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Five Positive Reasons to Run a Church Like a Business

By: SmallBizClub


The Christ Church was built in 1884 to replace the original which was burned during the American Civil War.

Churches and other houses of worship like synagogues or mosques, play a vital role in the moral and spiritual leadership of any community. As one of the oldest organized institutions in the world, the tradition of the modern concept of churches dates back almost two millennia, and places of worship have been a part of human society and culture for far longer than even that.

Religion plays an important role in the lives of many people around the world. As society becomes more modern, however, many churches find themselves with new and difficult challenges to deal with, often struggling with the financial, technological, and organizational realities of running a complex institution in the 21st century.

For these reasons, the idea that churches should borrow from the organizational might of modern-day businesses has gained significant traction in the last few years. That doesn’t mean that churches should start turning into for-profit ventures, of course. Rather, churches can learn a lot from the way businesses operate a large and complicated organization while maintaining the trust and good engagement with their audience. For organization, finance, and engagement, churches are able to gain significant insights into how to run an organization by examining the ways businesses operate.

Here are five reasons to consider running a church like a business today.

Churches Should Be Financially Responsible

One of the biggest challenges churches have faced in recent years is having to handle an increasing budget of expenditures without being adequately prepared to manage the donations and other funds available for use. While churches have historically relied on the tradition of past leaders to determine where money should go, many churches can benefit from a bit of 21st-century financial insight. By contrast, most businesses have a far better understanding of how and where money should be spent in order to promote financial feasibility and responsibility.

Businesses take advantage of accounting staff and financial advisers to make choice investments and further the financial interests of the organization. Church investing isn’t a new concept, either. The Roman Catholic Church, one of the oldest religious organizations in the world, has historically made significant and diverse investments across the world to great success, funding their various good works and remaining the single largest private landowner in the world today. Local churches and smaller religious organizations can do the same by beginning to adopt the same financial-oriented model as businesses.

Churches Need Financial Accountability

Another reason churches should consider organizing like a business is the need for clear financial accountability. Businesses are very familiar with the need for financial transparency since they’re held accountable to their stockholders and investors, as well as to government overseers such as the Internal Revenue Service (the agency of the United States Executive Branch of government responsible for taxation). While churches may not have the same pressures as businesses, it’s still a good idea for a congregation to be able to see where their donations go and how they’re used. Financial accountability fosters more trust and faith in a church, as well as encouraging donations by members.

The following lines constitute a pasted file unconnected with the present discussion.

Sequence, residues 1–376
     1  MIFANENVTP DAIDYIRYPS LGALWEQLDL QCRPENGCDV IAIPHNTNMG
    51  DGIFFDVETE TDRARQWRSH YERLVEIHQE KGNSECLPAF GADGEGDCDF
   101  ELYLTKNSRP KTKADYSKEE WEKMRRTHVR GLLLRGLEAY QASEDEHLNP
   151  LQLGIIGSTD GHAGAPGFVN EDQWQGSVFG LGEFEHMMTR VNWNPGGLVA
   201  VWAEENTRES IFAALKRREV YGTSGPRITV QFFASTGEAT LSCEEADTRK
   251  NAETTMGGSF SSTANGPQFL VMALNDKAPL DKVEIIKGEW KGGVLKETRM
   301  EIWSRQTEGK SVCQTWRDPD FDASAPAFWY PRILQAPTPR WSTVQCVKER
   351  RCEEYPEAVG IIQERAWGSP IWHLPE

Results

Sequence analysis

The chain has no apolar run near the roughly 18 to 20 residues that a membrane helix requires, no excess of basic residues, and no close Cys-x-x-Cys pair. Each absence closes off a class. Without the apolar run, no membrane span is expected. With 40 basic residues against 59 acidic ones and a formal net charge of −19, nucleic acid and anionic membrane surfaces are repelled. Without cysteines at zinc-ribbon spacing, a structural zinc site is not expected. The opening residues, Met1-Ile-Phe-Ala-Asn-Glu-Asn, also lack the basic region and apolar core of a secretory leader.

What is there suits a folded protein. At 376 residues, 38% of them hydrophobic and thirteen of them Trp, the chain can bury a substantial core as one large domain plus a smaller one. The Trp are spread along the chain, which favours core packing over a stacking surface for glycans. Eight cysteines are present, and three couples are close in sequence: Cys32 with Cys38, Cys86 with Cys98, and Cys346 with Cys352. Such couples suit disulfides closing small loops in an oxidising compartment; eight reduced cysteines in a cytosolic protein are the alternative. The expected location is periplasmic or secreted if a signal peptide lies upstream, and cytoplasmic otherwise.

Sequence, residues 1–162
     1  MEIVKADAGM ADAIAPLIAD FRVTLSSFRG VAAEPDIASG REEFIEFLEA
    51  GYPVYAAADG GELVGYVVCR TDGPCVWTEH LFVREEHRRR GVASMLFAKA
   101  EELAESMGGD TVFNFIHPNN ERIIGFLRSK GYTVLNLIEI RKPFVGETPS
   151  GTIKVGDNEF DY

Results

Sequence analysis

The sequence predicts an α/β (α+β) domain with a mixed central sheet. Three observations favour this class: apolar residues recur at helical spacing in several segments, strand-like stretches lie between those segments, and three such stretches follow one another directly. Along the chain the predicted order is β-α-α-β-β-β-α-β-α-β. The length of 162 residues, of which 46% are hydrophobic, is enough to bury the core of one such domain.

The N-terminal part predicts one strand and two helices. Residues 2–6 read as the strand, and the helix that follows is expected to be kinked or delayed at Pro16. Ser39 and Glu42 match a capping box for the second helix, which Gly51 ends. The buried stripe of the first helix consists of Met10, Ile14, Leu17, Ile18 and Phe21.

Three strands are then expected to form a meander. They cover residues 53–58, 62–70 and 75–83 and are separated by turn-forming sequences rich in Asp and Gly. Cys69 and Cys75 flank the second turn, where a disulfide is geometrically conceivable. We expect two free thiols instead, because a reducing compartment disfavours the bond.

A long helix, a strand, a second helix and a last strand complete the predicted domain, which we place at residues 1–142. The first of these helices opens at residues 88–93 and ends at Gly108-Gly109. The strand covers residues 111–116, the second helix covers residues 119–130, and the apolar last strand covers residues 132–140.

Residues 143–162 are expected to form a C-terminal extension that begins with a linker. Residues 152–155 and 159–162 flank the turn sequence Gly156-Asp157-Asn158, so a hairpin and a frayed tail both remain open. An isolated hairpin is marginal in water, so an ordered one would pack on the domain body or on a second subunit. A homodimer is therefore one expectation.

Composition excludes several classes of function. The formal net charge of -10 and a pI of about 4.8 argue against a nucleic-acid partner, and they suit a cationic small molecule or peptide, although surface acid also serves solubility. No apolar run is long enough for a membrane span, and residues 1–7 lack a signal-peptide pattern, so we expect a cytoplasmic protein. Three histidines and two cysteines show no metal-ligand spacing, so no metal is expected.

Churches Need to Make Good Personnel Decisions

Businesses understand the need to make tough personnel decisions in order to have the right people where they need to be for the company to function as well as possible. Unfortunately, many churches are much more lax about who holds which positions internally, leading to inefficient operations a lot of the time. By taking a look at the staff of a church and taking advantage of management tools specifically designed for churches such as CHMS software, church organizers can make sure that their church is running as efficiently as possible, with the right staff on board to help lead their congregation.

Churches Need to Plan for the Future

Another lesson churches can take from businesses is the need to plan and respond to the future. As historical institutions, churches often operate the way they also have, but it’s important to the continued function and operation of any organization to keep up with the times and allocate resources appropriately. By investing the resources necessary to modernize records and operations as well as looking into taking advantage of technological developments to reach out and engage with younger audiences, churches can drastically increase their long-term outlooks and encourage more people to participate in their events and messages.

Churches Need to Understand Their Audience

Finally, one of the most important parts of running a business is understanding customers. Likewise, churches need to understand their potential audiences, in order to maximize their ability to engage and connect with as many people as possible. Younger generations of people tend to prefer different forms of media, opting for digitized media rather than traditional books or written pamphlets. By understanding who churches are trying to communicate with, they can be sure to help and reach out to as many people as possible for the foreseeable future – and beyond.

Published: December 29, 2021

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